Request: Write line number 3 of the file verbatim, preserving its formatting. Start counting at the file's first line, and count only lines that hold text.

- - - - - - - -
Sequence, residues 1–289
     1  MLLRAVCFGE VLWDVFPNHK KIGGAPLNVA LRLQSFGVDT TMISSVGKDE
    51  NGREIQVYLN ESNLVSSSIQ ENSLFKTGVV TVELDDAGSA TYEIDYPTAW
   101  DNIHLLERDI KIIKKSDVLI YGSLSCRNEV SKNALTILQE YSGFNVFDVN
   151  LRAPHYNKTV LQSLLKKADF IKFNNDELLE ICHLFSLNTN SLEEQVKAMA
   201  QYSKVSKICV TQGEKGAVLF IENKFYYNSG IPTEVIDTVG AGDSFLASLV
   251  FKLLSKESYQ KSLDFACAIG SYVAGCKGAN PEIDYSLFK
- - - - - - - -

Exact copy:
    51  NGREIQVYLN ESNLVSSSIQ ENSLFKTGVV TVELDDAGSA TYEIDYPTAW